dog biz homepage

Besides providing detailed contracts and waivers for a variety of training scenarios, including day training, public classes, and training with boarding packages, this business toolkit from Dog Biz contains all the paperwork that you need to launch your dog training business. You’ll also get access to administrative aides, including client logs, testimonial request forms, vet communication forms, and initial intake forms!

Everything can be downloaded immediately, or you can opt to receive a thumb drive with all the documents. You can edit each document to add your logo or make any changes to the wording.

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2. Printable Contracts Dog Training Agreement

printable contracts homepage

If you’re looking for a basic and free contract, then the Dog Training Agreement from Printable Contracts is a great place to start. This outlines a brief agreement between the client and trainer, detailing what will be provided in terms of payments due, cancellation periods, and the number and length of sessions.

It also offers a short disclaimer in case of damage or harm to property or personnel. While this contract isn’t a detailed as some other options, it’s a good starting point.

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3. SignNow Dog Training Contract Template Form

sign now homepage

This SignNow Dog Training Contract Template Form allows you to add your logo, identification, and contact details and request information about behavior issues, health problems, medications, allergies, and other important details about each dog that’s going to be in your care.

You can share the edited contract with your clients, and they can either add an electronic signature or print out the form and manually sign it before returning it to you.

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4. Pinterest Dog Training Contract Template

pinterest dog training contract

You’ll need to edit this Pinterest Dog Training Contract Template to include your own details and logo, but it outlines the length and cost of each session, services supplied, goals, cancellation policy, and general terms and conditions.

There’s also a useful details section in the footer of the contract, which allows space to detail your experience, preferred training method, contact details, and confirmation that you’re fully insured. Adding this to your contract is a great way to offer peace of mind to potential clients, while reminding them of your professional experience.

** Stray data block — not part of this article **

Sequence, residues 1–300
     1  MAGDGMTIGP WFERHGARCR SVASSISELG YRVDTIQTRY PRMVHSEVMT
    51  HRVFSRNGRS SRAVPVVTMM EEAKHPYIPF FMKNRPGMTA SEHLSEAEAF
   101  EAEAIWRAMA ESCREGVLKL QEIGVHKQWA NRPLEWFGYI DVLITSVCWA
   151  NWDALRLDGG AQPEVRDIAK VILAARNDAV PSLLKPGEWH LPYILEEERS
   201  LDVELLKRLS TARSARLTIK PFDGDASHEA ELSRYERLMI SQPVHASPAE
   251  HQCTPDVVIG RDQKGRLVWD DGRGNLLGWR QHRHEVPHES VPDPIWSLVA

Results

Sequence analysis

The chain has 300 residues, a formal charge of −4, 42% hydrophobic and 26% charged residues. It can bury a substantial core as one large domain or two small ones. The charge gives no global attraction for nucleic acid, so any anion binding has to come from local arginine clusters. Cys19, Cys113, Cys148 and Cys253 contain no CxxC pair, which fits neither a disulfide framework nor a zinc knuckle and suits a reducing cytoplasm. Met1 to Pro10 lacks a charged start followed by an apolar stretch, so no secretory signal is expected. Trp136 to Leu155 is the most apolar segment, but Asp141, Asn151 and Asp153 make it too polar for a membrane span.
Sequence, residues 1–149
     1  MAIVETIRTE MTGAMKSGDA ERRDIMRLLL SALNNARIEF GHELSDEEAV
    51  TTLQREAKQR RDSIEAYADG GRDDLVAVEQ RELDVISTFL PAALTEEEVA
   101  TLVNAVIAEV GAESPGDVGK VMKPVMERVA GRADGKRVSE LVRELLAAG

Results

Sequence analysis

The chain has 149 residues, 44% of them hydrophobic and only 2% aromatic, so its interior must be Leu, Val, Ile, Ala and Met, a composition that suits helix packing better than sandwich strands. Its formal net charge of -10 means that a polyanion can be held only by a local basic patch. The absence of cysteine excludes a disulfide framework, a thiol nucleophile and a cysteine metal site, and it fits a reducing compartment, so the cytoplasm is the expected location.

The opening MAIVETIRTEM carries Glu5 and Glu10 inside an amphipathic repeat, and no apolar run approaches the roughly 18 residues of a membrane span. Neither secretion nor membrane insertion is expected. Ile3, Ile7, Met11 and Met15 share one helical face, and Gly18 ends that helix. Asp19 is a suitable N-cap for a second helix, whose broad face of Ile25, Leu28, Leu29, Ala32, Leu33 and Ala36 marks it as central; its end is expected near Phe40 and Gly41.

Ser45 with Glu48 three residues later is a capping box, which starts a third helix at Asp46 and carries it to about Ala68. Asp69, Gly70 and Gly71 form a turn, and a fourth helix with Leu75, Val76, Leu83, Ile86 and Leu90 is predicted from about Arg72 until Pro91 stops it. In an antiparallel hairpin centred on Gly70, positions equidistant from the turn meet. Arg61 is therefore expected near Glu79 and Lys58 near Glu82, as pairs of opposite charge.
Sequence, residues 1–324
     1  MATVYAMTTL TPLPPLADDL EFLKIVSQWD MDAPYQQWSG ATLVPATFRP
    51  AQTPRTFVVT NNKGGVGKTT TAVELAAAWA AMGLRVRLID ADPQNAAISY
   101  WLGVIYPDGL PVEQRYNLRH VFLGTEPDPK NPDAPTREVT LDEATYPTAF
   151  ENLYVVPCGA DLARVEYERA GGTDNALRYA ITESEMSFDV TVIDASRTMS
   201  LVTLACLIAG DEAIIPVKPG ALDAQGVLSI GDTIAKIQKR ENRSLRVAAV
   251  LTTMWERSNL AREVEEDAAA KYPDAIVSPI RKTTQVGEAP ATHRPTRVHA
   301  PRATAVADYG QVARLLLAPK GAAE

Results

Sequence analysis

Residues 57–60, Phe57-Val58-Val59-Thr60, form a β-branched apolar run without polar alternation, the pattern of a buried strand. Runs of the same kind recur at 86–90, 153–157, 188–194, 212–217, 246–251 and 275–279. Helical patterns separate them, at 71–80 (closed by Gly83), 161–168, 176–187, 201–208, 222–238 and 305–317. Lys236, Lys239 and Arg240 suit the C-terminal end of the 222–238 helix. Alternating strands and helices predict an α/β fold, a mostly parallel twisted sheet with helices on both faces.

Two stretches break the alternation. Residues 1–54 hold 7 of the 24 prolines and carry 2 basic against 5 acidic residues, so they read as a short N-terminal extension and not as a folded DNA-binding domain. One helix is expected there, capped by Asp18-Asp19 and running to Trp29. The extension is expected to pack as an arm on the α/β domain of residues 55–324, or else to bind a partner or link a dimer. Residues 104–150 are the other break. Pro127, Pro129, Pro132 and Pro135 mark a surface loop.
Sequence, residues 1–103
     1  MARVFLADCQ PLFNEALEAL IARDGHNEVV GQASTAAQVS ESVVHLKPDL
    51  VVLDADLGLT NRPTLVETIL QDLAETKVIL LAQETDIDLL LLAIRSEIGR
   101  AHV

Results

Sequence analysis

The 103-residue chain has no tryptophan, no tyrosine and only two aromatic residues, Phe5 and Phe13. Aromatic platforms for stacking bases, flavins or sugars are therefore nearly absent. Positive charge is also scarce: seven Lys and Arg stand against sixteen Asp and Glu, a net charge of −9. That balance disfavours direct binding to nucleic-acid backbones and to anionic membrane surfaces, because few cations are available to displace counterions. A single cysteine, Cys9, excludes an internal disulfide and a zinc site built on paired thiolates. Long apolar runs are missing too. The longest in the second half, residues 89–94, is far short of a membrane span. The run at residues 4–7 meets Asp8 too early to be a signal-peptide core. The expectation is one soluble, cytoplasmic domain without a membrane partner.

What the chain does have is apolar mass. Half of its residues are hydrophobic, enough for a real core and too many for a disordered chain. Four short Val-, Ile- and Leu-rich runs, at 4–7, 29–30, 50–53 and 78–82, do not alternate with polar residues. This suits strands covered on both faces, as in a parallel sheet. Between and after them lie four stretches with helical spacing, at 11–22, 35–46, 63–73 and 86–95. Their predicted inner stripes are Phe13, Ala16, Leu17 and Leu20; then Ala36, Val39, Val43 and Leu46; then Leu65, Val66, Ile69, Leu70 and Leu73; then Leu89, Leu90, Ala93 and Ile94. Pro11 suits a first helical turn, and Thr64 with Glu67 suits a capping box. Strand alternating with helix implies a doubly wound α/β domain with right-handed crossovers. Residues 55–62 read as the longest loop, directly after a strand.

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5. Sample Templates Dog Training Contract

sample template dog training contract

This package of nine free training contract samples includes one for dog trainers. It has areas to record proof of vaccinations and the course dates and prices that each client has signed up for. It also details terms and conditions, including health and safety, responsibility, and liability. You’ll need to edit the PDF to include your details.

This is a good contract option for a dog owner to offer a trainer who doesn’t yet have a contract in place. You may want to make sure your dog is fully protected by asking your trainer to sign it.

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6. Jot Form Dog Templates

Jot Form Dog Templates

Jot Form allows you to create online forms to share with your dog training clients. This is an easy way to keep an electronic record of your clients and their dogs’ details. These templates are fully customizable, allow you to collect training fees, and help speed up those administrative tasks that always end up taking longer than you might expect.

Choose from a range of different templates as a starting point as inspiration.

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What Other Information Should a Dog Trainer Be Provided?

The contract that you decide to use will depend on the kind of training services that you’re going to be offering, with options including:

  • Group training sessions
  • Private training sessions
  • Day-care and training combination
  • Boarding and training combination
  • Online training sessions

For shorter sessions, like group training, you won’t need as much information as for day-care or boarding packages offered alongside training. It’s a good idea to create a different template for each type of training that you offer. This way, clients won’t need to fill out unnecessary details for shorter sessions, and you’ll have all the information that you need for longer sessions.